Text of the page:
the last few years, we have witnessed the relentless
spread of Stephenie Meyer across our culture like a
rash. Fans excuse her insipid hackery with vague
admonitions of teenage girldom, conveniently
overlooking the fact that her heroines are the worst role models for teenage girls this side of crystal meth addicts. Stay passive and helpless! Suicide is
better than being alone! Do everything for love, even
if involves a stalker who refers to you as his own
Thankfully, that long nightmare appears to be over . .
. or at least has received a significant setback.
After ruining vampire stories for an entire
generation, Meyer set out to do the same thing for
alien invasion scenarios.
The Host took a rather brilliant idea – what if
total occupation by body snatchers made the world a
better place? – and slathered it with a thick helping
of YA absurdity, then served it up to us with the full
expectation of reaping
Twilight-esque profits. Instead, audiences stayed
away in droves, turning The Host from the next
big thing to a forgotten afterthought.
It couldn’t have happened to a nicer picture . . . and
by “nicer”, I mean “face-clawingly awful.” Watching
talented actors like Saoirse Ronan, Diane Kruger and
William Hurt waste their efforts on this drivel is
hard enough, but adding Meyer’s creepy sexual politics
turns it into an active disaster. Ronan plays Melanie
Stryder, one of the few free humans remaining after an
alien takeover. Our species now acts as hosts to
glowing sea anemones who control our bodies and minds.
And that’s actually a good thing. Under their control,
the world actually becomes a wonderful place. There
are no more wars, crimes, violence or mistrust. We
live in harmony with the environment, and the Earth
has begun to heal from centuries of abuse. It’s a
fascinating notion that The Host demonstrates
absolutely no interest in.
Instead, it quickly gives Melanie an alien parasite
that – in a flagrant violation of the film’s own rules
– doesn’t wipe out her soul. They battle each other
for dominance in a staggeringly bad series of
voice-overs, only to give themselves over to an
eventual standstill that transforms into a full-blown
alliance. Do they use that to try and free Melanie’s
fellow humans or reach a better understanding with the
aliens? Of course not! She has a pair of pretty boys
to choose from – one of whom loves her and one of whom
loves the alien! Isn’t that much better than talking
about all those icky boring alien invasion things?
I would be more inclined to be gentle if the love
triangle held any kind of creative juice, but the
subplot sucks the life out of everything it touches.
The boys (Max Irons and Jake Able) are blank ciphers
without the barest fundaments of personality, and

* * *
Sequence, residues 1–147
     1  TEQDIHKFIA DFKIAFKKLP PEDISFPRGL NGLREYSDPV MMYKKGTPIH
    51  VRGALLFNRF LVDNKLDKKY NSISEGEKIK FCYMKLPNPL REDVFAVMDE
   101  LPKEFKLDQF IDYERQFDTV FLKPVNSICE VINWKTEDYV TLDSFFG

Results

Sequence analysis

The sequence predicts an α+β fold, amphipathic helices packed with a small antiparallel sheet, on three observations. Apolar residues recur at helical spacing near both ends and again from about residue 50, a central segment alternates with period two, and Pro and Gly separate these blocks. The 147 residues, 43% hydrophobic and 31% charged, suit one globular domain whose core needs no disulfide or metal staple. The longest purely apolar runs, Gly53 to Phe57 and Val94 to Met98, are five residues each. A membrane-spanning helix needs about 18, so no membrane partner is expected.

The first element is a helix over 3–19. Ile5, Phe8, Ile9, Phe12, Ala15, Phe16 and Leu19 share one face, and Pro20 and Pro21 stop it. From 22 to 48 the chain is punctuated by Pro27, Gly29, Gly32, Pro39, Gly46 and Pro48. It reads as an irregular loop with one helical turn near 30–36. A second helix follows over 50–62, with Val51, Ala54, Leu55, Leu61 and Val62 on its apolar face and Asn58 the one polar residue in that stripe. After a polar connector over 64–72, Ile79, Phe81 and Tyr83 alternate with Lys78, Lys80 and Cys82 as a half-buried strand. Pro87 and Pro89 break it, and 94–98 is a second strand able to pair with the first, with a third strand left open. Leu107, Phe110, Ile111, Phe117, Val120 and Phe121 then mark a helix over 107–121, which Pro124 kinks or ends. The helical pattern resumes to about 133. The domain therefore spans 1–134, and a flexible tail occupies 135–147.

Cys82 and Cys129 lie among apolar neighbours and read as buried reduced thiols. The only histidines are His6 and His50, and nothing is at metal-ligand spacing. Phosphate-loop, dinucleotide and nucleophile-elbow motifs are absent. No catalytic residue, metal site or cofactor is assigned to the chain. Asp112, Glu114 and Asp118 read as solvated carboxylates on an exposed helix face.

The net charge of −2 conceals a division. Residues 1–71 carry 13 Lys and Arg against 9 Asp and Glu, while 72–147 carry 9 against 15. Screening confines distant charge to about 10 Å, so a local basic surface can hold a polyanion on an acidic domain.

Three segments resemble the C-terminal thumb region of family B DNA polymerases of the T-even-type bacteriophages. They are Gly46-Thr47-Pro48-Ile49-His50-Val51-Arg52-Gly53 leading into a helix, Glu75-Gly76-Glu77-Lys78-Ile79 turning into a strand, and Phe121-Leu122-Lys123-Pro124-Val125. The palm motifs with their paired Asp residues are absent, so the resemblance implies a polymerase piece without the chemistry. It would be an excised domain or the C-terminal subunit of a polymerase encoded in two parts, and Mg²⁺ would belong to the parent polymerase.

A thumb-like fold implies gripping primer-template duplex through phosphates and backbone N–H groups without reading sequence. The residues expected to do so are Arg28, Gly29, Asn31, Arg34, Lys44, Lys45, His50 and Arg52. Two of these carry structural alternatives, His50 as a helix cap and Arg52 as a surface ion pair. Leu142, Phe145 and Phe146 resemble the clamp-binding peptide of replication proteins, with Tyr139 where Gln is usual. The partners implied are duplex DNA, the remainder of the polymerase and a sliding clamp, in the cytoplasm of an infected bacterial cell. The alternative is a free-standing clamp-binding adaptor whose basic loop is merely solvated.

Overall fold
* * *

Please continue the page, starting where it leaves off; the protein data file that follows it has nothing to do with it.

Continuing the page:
their rivalry consists of scene after exasperating
scene of the worst dialogue this side of Shyamalan.
The trio moons back and forth while the human
resistance dithers, the aliens fume and anything that
might actually justify our attention gets crushed
beneath the banality of Meyer’s “vision.”
It gets worse. Melanie’s internal battle carries the
disturbing message that girls should be afraid of
their bodies, and while we constantly hear how strong
she is, we see in her only the shallow musings of a
child at play. Ronan can make a ferocious screen
presence in the right hands. Here, you can actually
see the moment when she checks out and starts spending
her paycheck in her head. The same goes for
writer/director Andrew Niccol, a terrific filmmaker
utterly at sea with this turd of a story. When talent
like this fails to make a dent, it’s time to drop the
whole affair and move on.
Thankfully, people did.
took a beating at the box office, scuttling plans for
a franchise and presumably freeing those involved to
concentrate on better things. The Blu-ray gives us a
new chance to ignore it all over again . . . hopefully
marking the first steps in weaning ourselves off of
the author’s toxic prose that have held us all hostage
for far too long.
THE DISC: As befits a box office dud, Universal
has made only token steps to make the Blu-ray
worthwhile. The image is nice, with a solid sound mix
and the expected DVD and digital copies included in
the set. Beyond that, there is just a smattering of
extra features: one behind-the-scenes doc, a few cut
scenes, and audio commentary with Meyer, Niccol and
producer Nick Wechsler.
WORTH IT? Not unless you are into skeet
shooting and need a trio of target discs on the fly.
RECOMMENDATION: There are countless movies out
there about strong young women who deal with life,
love and the travails of a dangerous world. This is
not one of them. Its creepy moral underpinnings are
matched only by its utterly banal storyline: you can
actually feel your brain cells dying as you watch.
Even Meyer’s own fans pretty much ignored this one; we
strongly suggest you follow their example.
- Rob Vaux